Why do animals choose to reproduce and why do they choose to control birth rates? What are the different theories of reproduction and birth control that explain these behaviors?
Theories of reproduction consider altruistic and selfish reasons for foregoing reproduction and using birth control. The Wynne-Edwards theory argues that there are natural rules for keeping animal populations in check.
Read on to understand theories of reproduction and how they apply the Wynne-Edwards theory of population control.
Theories of Reproduction: Altruism or Selfishness?
Animals reproduce to fulfill the mission of passing on their genes. That’s the argument Richard Dawkins puts forth in The Selfish Gene. But, theories of reproduction also have to consider the idea that animal populations also have natural methods for population control. This natural birth control can be explained with altruism or selfishness.
Altruistic Theories of Reproduction
The Wynne-Edwards theory says that animals have natural rules and guidelines that keep their populations in check. He takes observed territorial and hierarchical behaviors as evidence that animals follow certain rules for the good of the whole species.
He notes that males of many species will not even try to reproduce if they don’t have territories of their own. Since there is a limited amount of territory, that naturally limits the number of new births there can be. Similarly, among many species, males with low social status will not be able to reproduce—either females will not mate with them, or higher-ranking males will prevent lower-ranking ones from accessing the females. As with territoriality, in many species the low-ranking males will not even try to breed. These contests over territory and social status take the place of direct contests over females, which could result in wasted energy or injuries.
The most remarkable part of this theory may be epideictic behavior, which is a term that Wynne-Edwards himself created. Many animals tend to gather in large groups, and there are clear evolutionary advantages to doing so, such as protection from predators. However, epideictic behavior suggests another explanation: Animals gather in this way to conduct a sort of informal census of the population.
By seeing how large and dense the herd or flock is, animals can then determine whether they need to restrain their reproduction. Overcrowding is a clear sign that famine may be imminent, and the animals will need to adjust accordingly. This decision isn’t made consciously, but seeing a dense enough population will trigger natural responses in the animals that lead to lower birth rates, according to this theory.
The Selfish Theory of Birth Control
There are costs as well as benefits to reproducing: remember bearing vs. caring. Therefore, even from a purely selfish standpoint, having as many children as possible isn’t usually the best strategy. That is important for understanding the selfish theories of reproduction and avoiding it. For example, swifts have a standard clutch size of three eggs. That suggests that three is the ideal number of offspring for a swift to raise at one time. Having more than three at a time may mean the offspring wouldn’t get enough of their parents’ time and resources, and could die. Fewer than three, naturally, would mean that there are fewer offspring to pass those genes on to the next generation.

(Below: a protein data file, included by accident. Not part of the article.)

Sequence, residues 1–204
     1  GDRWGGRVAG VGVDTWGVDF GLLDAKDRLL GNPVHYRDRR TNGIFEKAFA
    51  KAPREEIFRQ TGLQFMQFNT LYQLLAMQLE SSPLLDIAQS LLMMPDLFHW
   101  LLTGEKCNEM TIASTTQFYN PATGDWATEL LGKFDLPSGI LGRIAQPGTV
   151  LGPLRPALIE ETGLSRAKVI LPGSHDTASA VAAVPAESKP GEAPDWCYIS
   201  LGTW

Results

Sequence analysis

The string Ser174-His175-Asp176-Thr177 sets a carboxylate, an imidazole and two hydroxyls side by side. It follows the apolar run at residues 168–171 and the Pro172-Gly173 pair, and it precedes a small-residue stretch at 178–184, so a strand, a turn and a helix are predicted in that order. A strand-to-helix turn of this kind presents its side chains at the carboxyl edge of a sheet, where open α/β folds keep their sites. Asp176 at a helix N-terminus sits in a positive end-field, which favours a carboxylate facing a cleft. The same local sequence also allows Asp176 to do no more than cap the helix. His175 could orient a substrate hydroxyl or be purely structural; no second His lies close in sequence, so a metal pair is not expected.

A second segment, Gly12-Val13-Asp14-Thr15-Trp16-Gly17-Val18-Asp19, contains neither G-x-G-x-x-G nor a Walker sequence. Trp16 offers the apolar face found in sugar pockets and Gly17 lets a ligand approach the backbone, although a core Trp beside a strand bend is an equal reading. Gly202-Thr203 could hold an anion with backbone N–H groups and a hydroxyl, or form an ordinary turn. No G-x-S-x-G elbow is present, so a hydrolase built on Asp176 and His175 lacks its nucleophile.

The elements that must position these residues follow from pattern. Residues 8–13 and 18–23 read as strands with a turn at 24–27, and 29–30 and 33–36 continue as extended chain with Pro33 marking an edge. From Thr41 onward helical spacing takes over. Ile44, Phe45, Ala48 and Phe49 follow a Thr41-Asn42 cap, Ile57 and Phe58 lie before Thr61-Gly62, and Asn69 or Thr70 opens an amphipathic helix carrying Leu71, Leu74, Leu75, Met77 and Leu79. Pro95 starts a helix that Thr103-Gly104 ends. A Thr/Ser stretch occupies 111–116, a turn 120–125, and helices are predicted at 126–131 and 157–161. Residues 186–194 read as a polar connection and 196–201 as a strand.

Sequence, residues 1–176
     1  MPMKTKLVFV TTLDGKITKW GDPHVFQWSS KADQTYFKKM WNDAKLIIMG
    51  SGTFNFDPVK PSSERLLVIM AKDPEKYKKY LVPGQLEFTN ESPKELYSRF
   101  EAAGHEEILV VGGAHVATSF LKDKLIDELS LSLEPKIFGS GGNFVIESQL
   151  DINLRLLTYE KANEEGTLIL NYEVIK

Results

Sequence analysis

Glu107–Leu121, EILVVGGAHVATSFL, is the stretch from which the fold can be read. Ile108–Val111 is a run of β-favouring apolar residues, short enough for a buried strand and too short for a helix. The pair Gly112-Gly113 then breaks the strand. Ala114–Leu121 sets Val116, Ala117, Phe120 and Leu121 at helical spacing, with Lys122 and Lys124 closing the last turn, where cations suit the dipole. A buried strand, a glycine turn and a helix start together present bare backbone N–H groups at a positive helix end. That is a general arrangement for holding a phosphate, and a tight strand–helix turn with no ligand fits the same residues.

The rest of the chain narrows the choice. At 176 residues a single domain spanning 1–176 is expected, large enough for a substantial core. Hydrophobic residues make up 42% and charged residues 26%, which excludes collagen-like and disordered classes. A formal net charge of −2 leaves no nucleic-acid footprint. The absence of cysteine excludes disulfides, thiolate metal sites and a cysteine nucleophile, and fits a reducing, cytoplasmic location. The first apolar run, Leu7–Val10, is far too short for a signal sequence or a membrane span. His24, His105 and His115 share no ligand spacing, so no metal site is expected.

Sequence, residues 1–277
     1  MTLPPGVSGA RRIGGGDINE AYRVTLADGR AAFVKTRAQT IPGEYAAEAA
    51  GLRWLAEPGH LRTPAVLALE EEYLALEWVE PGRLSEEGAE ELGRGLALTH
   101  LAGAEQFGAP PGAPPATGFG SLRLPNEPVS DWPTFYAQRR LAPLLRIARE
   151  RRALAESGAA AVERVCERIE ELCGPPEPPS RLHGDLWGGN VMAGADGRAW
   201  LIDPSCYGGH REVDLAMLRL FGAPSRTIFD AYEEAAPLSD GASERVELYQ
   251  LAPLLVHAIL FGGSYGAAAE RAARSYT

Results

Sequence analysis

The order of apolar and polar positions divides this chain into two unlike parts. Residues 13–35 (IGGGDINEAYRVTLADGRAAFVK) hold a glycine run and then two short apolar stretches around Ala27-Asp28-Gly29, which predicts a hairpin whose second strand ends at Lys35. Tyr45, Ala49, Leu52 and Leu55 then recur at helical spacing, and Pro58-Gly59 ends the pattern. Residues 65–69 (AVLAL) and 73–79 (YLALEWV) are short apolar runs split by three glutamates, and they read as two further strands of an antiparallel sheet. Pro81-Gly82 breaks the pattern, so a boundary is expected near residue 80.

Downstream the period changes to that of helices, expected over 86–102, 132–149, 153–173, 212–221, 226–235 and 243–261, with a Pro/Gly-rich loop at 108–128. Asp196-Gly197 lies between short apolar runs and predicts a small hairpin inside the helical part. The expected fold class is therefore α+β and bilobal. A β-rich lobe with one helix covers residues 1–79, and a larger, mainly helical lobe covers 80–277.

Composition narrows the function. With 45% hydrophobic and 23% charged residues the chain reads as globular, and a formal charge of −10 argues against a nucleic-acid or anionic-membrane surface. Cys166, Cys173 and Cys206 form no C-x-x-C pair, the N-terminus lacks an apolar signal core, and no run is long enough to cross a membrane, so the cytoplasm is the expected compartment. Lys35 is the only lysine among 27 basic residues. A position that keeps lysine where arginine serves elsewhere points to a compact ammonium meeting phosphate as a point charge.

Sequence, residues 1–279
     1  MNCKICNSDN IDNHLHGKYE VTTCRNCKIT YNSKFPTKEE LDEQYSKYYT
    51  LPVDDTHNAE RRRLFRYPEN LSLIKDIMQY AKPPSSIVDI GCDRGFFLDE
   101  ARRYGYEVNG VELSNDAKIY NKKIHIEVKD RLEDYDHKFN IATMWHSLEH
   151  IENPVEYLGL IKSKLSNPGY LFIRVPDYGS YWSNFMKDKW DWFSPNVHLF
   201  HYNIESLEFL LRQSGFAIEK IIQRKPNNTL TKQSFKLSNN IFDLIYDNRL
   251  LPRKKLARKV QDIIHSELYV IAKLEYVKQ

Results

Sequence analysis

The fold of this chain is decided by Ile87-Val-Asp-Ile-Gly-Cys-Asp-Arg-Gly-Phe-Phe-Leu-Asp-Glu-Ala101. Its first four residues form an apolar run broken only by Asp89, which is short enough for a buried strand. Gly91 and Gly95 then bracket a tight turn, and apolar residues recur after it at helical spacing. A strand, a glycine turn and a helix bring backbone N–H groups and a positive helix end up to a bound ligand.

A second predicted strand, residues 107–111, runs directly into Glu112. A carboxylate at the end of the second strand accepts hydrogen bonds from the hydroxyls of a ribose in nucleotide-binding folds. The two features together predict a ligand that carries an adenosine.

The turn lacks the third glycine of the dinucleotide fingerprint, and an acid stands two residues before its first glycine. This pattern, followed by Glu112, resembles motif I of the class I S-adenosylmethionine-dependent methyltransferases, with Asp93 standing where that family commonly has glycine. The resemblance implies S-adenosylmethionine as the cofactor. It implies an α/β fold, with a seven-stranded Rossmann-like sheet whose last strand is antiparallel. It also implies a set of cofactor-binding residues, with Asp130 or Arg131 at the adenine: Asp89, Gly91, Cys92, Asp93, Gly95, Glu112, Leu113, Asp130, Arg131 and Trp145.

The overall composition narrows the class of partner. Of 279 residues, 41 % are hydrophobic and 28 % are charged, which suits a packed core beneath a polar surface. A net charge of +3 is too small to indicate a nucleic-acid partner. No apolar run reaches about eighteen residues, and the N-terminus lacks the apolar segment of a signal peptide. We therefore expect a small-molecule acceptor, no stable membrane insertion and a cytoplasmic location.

A selfish gene would want the animal to produce as many successful offspring as possible, given the resources available. Therefore, it’s selfishness, not altruism, that leads animals to limit their reproduction; having too many children would make it less likely for each to survive. Similarly selfish explanations can be made for the other aspects of Wynne-Edwards’s theory as well.
Animals who stop competing for territory or social dominance may have determined that their best bet is to hope that one of the others dies, rather than waste energy and risk injury with repeated contests that it has little chance of winning. The fact that these gambles often don’t pay off doesn’t necessarily mean that they were bad gambles. The chances of it working are slim, but perhaps the chances of winning such a contest and successfully defending a new position are even slimmer.
Even so-called epideictic behavior can be explained in selfish terms. Animals may lower their breeding rates during times of overcrowding because it gives them, personally, the greatest chance of raising the most surviving offspring. If resources become more limited, such as during a famine, a selfish gene should encourage the animal to have fewer children to split those resources among.
In practice, the altruistic vs. selfish reproduction theories are nearly identical. The only difference is whether animals practice population control for the good of the species as a whole, or purely for selfish reasons. Right now there’s no definitive way to tell which is correct, but—as previously shown—pure altruism is not a stable strategy since it’s bound to be taken over by selfish individuals. Therefore, it currently appears that the selfish reproduction theory is the stronger of the two.
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- Why organisms don't matter, only genes do
- How all life forms begin with a replicating molecule
- How species need to balance aggression and pacifism to survive